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Festive Cyber Attacks: Top Cybersecurity News from the Week of Christmas 2022

The holiday season might be upon us, but cybercriminals are far from taking a break. In fact, reports have shown that cyberattack attempts increase by an average of 70% during the last two weeks of December. But why? As previous years have shown, companies often become less responsive during the holiday season, and their workforce is also stretched. 

Unfortunately, this year is no different. As we prepare for a joyful Christmas and new year, threat actors are exploiting the holiday distractions to launch a barrage of new threats. Here are some of the most notable cybersecurity news from the week:


Okta GitHub breach 

Okta, a market leader in identity and access management services, disclosed on Wednesday that some of its source code repositories were accessed in an unauthorized user. 

“There is no impact to any customers, including any HIPAA, FedRAMP, or DoD customers,” the company said in a public statement. The breach started by threat actors gaining access to Okta’s Workforce Identity Cloud (WIC) code repositories hosted on GitHub. The access was subsequently abused to copy the source code. The company stated that the incident was reported to them by GitHub in early December. 


Microsoft fined €60 million for breaching user privacy 

France’s privacy watchdog has imposed a €60 million fine against Microsoft’s Ireland subsidiary for dropping advertising cookies in users’ computers without their explicit consent in violation of data protection laws in the European Union.

The Commission nationale de l’informatique et des libertés (CNIL) noted that users visiting the home page of its Bing search engine did not have a “mechanism to refuse cookies as easily as accepting them.” The authority, which carried out an online audit between September 2020 and May 2021 following a complaint it received in February 2020, stated the tech giant deposited cookies with the aim to serve ads and fight advertising fraud without getting a user’s permission beforehand, as is required by law.


Android banking trojan is targeting over 400 banking and crypto apps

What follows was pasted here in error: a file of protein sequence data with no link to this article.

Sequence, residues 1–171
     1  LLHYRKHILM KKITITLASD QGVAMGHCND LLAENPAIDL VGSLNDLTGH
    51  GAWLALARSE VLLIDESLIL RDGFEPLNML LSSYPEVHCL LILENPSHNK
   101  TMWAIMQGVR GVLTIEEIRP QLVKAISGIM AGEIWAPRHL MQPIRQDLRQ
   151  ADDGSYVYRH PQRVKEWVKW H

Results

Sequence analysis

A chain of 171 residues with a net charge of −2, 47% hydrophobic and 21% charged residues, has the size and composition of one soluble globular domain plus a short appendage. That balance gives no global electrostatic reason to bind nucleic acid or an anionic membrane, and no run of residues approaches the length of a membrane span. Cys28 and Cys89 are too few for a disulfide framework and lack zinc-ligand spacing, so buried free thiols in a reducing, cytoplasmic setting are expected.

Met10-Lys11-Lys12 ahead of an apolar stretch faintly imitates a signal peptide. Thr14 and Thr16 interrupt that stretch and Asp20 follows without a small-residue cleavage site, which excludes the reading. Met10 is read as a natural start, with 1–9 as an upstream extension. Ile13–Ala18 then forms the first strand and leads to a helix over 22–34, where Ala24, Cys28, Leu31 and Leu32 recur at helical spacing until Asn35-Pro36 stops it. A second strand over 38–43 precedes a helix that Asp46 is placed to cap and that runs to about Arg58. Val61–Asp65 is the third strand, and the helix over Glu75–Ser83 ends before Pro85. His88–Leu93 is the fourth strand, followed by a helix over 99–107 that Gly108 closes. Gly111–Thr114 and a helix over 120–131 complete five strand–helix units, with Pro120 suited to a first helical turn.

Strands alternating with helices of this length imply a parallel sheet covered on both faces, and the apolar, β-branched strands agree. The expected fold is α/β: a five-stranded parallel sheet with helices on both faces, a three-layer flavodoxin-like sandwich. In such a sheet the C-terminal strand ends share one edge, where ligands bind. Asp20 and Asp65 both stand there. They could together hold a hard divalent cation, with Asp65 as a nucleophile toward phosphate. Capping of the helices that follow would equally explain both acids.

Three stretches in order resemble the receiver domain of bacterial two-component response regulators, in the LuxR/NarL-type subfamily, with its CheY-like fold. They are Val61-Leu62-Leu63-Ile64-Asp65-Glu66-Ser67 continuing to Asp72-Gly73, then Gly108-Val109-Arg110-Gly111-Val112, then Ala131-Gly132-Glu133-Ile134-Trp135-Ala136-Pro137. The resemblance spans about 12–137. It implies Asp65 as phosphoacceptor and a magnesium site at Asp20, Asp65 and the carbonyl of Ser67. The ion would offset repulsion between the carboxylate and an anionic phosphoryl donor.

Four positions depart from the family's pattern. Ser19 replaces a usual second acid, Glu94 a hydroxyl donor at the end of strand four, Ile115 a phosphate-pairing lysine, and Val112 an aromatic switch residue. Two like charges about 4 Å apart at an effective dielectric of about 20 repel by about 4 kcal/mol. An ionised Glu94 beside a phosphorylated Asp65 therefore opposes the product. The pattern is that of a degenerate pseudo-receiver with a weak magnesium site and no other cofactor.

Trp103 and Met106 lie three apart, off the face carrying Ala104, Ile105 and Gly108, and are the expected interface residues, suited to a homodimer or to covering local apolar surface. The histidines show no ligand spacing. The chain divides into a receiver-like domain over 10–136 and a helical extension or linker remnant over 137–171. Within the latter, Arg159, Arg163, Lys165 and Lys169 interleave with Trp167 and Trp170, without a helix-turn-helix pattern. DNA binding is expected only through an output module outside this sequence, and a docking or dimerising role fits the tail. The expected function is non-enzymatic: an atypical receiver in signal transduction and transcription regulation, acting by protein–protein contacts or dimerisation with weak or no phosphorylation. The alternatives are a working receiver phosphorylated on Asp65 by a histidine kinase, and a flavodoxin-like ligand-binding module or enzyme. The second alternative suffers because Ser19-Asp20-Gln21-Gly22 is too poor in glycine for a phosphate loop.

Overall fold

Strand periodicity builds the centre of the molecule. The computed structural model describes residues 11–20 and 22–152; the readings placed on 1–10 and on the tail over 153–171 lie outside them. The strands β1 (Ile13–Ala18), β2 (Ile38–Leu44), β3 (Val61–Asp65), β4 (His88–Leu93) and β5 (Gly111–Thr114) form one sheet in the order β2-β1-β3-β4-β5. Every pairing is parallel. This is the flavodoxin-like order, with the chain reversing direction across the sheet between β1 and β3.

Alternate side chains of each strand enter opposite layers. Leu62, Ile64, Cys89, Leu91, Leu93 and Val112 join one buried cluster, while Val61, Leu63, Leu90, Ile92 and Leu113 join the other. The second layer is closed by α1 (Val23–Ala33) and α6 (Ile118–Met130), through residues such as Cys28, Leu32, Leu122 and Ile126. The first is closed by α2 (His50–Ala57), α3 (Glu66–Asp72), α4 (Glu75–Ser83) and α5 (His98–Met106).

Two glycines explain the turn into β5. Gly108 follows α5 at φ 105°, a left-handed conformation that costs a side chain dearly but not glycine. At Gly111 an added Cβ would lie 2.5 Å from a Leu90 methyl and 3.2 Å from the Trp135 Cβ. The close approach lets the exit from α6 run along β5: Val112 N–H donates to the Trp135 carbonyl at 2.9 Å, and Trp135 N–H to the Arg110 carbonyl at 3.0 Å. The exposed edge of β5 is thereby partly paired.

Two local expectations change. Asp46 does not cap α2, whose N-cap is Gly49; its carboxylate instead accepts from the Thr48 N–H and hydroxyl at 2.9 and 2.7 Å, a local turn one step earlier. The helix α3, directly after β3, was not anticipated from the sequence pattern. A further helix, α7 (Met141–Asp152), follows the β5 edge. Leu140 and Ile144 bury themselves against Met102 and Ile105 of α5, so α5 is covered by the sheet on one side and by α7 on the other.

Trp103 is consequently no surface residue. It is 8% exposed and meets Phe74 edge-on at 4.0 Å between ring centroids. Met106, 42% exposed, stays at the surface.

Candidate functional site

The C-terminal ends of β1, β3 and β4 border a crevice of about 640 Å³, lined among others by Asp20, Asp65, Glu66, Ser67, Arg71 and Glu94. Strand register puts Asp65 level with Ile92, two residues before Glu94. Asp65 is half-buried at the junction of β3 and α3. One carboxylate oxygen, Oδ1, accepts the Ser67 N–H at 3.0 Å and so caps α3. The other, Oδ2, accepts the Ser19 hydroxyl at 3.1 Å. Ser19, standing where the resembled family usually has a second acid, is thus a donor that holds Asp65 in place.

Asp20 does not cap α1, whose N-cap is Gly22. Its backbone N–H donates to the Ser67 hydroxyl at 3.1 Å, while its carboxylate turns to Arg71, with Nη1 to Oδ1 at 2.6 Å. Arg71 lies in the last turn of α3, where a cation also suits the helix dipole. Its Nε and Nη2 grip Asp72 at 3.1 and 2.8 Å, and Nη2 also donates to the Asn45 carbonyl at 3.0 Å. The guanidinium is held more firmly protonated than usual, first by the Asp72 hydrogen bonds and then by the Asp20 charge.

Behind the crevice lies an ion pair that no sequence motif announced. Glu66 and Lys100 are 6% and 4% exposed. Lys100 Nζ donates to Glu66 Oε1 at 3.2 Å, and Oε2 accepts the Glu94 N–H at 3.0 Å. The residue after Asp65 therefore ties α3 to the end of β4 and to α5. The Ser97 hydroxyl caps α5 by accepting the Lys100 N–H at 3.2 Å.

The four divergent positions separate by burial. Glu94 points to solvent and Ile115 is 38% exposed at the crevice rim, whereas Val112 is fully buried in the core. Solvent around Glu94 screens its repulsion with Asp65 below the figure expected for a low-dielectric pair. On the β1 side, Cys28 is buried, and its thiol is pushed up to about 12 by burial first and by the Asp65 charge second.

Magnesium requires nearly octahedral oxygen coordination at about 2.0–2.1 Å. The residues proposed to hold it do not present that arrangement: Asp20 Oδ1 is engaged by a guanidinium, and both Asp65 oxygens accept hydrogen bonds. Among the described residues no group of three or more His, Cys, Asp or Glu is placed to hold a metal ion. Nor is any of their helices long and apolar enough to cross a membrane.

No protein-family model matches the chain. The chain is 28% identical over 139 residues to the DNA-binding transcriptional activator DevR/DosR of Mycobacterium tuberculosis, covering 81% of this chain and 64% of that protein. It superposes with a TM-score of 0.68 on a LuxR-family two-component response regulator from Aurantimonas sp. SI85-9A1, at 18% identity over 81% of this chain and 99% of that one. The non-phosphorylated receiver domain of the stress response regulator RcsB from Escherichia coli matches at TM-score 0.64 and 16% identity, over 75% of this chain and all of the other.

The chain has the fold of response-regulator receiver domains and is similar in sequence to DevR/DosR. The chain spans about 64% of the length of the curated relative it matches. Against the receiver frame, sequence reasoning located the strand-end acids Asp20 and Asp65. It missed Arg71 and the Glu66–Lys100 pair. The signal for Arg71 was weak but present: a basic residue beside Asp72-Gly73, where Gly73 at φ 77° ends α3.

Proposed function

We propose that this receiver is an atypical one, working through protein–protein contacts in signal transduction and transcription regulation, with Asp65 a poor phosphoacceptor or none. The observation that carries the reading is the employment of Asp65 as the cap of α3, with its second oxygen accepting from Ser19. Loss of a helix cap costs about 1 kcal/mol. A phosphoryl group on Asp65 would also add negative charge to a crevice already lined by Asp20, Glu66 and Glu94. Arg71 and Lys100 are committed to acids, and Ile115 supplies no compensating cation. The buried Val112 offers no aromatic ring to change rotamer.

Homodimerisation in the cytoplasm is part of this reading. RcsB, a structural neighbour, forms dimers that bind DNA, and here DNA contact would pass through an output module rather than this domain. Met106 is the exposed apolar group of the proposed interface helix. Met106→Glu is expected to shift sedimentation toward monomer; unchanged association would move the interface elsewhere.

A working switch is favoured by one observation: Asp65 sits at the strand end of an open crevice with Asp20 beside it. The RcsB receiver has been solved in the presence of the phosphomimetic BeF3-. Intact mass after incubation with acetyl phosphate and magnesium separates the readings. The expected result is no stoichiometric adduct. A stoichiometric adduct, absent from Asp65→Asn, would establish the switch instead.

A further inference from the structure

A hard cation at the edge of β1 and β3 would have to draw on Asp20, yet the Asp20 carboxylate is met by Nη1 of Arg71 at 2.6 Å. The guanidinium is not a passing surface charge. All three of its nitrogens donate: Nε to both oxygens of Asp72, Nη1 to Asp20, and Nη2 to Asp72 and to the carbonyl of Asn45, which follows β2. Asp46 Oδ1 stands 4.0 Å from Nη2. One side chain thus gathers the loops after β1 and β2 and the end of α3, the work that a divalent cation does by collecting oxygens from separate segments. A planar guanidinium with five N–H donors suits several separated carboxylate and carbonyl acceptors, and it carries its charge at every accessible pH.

An Android banking trojan known as GodFather is being used to target users of more than 400 banking and cryptocurrency apps across 16 different countries. 

This includes 215 banks, 94 crypto wallet providers, and 110 crypto exchange platforms serving users in the U.S., Turkey, Spain, Italy, Canada, and Canada. 

The malware, like many financial trojans targeting the Android ecosystem, attempts to steal user credentials by generating convincing overlay screens (web fakes) that are served atop target applications.

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Figure: Targets of the GodFather Trojan (source: Bleeping Computer)


Facebook Cracks Down on Spyware Vendors

Meta Platforms disclosed that it took down no less than 200 covert influence operations since 2017 spanning roughly 70 countries across 42 languages.

The social media conglomerate also took steps to disable accounts and block infrastructure operated by spyware vendors, including in China, Russia, Israel, the U.S. and India, that targeted individuals in about 200 countries.

“The global surveillance-for-hire industry continues to grow and indiscriminately target people – including journalists, activists, litigants, and political opposition – to collect intelligence, manipulate and compromise their devices and accounts across the internet,” the company noted in a report published last week.


Critical vulnerability reported in a major enterprise password management system

Several high-severity security flaws have been disclosed in the “Passwordstate” password management solution. These vulnerabilities can be potentially exploited by an unauthenticated remote adversary to obtain a user’s plaintext passwords.

“Successful exploitation allows an unauthenticated attacker to exfiltrate passwords from an instance, overwrite all stored passwords within the database, or elevate their privileges within the application,” Swiss cybersecurity firm modzero AG said in a report published this week.

“Some of the individual vulnerabilities can be chained to gain a shell on the Passwordstate host system and dump all stored passwords in cleartext, starting with nothing more than a valid username.”

Passwordstate currently has over 29,000 customers and is used by more than 370,000 IT professionals. This potential vulnerability can expose this large number of users to unprecedented threats. 

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